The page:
Fueled by the Foundation: The Greening of Meetings

Author: David McMillin       

Learn how one of the recipients of the PCMA Education Foundation’s Visionary Awards is lightening the load in trash cans at the end of meetings and trade shows.

Few things say “excess” like a tractor-trailer load of waste leaving a convention. And few things give Jeff Chase, vice president of sustainability, Freeman Company and the PCMA Education Foundation’s 2018 Community Advocate of the Year, greater satisfaction than seeing those trucks — filled with food, furniture, stationery, flooring, you name it — headed to local organizations that can put them to good use.

“Most shows send 40, 50 percent of their waste to landfills. But if you do the advance planning and proper thinking, you can donate a lot to the community, put things in the right recycling bin and do the right thing,” Chase said.

At the monolithic CES (Consumer Electronics Show) in Las Vegas, where “the volume of waste is huge, the biggest waste show we have,” Chase works to make waste into a more manageable 75 percent reclaimed materials. And with Greenbuild International, a show dedicated to sustainability in the construction industry, that figure soars to 90 percent.

Chase has been head of sustainability for Freeman since 2011, when the global events company bought Chase’s planning firm, including its portfolio of green-focused clients. In those seven years, Chase has seen the demand for green operations soar. “In the beginning, it was hard to identify really how many environmentally focused clients Freeman had,” he said. “Many people do want to do the right thing, but after putting so much effort into planning a show, don’t want to put the time into the end of the show — what will happen with all the things used. But a little time makes a huge impact.” Chase estimates that green-minded clients now represent $400 million of Freeman’s business.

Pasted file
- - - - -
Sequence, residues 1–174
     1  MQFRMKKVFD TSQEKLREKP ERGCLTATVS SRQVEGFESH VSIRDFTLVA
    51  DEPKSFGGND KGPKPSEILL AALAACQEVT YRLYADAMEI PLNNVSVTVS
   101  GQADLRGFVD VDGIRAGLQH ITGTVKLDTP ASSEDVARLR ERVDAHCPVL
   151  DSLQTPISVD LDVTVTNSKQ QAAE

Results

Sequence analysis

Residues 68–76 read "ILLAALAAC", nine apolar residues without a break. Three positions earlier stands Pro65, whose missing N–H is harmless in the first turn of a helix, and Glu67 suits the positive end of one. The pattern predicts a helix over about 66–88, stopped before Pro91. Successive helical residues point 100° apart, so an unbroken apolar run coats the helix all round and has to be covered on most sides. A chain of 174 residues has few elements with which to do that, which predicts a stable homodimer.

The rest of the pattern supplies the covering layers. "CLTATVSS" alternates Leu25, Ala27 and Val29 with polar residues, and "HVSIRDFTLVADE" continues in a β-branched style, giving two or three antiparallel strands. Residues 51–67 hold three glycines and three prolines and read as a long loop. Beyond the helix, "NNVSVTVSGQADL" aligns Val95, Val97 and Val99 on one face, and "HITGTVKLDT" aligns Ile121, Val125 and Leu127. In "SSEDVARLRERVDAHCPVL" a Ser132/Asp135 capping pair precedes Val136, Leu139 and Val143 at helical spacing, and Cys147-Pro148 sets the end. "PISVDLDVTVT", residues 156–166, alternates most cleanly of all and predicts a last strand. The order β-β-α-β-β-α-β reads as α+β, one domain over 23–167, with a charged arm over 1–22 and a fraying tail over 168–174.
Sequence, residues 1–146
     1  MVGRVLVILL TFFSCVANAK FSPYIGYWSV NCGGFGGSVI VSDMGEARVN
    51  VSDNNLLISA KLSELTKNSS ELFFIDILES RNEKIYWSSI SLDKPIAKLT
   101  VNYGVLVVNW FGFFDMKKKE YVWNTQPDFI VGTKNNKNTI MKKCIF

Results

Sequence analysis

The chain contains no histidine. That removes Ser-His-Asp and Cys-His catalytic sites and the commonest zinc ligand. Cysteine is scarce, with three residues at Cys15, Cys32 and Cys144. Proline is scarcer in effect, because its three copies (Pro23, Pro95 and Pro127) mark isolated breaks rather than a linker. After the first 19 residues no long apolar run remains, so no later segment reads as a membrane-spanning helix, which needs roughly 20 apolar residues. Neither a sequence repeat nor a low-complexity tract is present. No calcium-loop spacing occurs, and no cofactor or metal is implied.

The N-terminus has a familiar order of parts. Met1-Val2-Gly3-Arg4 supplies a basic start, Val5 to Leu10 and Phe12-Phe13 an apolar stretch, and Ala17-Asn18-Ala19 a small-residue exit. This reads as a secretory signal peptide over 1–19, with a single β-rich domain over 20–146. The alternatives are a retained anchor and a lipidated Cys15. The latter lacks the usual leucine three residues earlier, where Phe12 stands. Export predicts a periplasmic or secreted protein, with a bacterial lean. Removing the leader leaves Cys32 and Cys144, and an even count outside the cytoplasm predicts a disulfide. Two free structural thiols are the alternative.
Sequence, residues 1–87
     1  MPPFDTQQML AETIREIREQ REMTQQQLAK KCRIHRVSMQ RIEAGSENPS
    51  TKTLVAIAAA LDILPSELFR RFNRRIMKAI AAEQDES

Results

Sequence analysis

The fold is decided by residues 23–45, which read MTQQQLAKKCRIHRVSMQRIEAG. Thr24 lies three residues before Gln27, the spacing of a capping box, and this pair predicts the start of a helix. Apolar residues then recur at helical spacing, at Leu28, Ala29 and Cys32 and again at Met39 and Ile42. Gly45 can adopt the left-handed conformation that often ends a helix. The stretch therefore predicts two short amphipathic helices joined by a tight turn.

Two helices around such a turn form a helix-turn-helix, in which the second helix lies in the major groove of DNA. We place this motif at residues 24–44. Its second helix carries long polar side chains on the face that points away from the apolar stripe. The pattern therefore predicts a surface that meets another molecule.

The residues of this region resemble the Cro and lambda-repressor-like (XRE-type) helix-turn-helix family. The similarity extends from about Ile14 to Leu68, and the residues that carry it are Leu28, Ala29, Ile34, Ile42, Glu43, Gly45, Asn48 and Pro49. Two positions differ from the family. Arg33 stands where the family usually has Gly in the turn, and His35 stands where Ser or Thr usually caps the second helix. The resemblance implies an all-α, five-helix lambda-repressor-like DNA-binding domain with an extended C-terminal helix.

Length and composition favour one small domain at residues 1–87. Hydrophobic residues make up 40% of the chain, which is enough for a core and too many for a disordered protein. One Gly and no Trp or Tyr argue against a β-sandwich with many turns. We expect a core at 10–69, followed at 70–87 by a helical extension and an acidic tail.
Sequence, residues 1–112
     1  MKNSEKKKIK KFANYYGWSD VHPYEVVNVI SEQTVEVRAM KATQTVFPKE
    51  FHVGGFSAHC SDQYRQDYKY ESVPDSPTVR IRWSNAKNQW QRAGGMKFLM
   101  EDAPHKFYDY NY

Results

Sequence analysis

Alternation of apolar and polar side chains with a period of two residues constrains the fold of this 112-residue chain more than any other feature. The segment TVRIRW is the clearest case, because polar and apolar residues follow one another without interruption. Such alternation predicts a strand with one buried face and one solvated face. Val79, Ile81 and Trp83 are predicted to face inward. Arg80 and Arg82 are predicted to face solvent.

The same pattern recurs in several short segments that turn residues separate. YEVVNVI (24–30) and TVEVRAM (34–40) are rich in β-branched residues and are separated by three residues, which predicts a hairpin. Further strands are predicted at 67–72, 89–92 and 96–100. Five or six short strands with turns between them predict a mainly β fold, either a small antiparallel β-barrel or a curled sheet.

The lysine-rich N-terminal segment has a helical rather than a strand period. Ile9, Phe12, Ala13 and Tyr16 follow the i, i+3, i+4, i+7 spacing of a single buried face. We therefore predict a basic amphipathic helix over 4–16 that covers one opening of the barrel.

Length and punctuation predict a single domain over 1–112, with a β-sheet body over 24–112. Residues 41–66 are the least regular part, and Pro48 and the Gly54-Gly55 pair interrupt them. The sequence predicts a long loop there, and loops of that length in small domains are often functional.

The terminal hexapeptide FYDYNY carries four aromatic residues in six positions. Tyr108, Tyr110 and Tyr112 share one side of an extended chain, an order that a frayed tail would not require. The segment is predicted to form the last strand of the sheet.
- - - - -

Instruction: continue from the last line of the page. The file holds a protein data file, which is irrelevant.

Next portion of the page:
Some of the things he’s helped repurpose: Tools, tile, hardwoods, carpeting, countertops, and flooring used in exhibits at a hardware show were diverted to industry interns and building organizations like Habitat for Humanity. Truckloads of unopened, small packages of food from displays at a convenience store association convention were sent to multiple locations of Ronald McDonald houses. Playthings from a massive toy fair that needed to be unboxed and constructed for display — but don’t lend themselves to going back into boxes — hello, Toys for Tots. “Whatever your show is about, whether it’s medical or fancy food, you’ve brought all these things: tables and chairs for booths, carpeting and décor to make the booth special,” Chase said. “And in so many cases it’s just thrown away.”

Click here for a look back at the PCMA Education Foundation’s Visionary Awards, an evening that honored Chase and the other stars of the business events industry.

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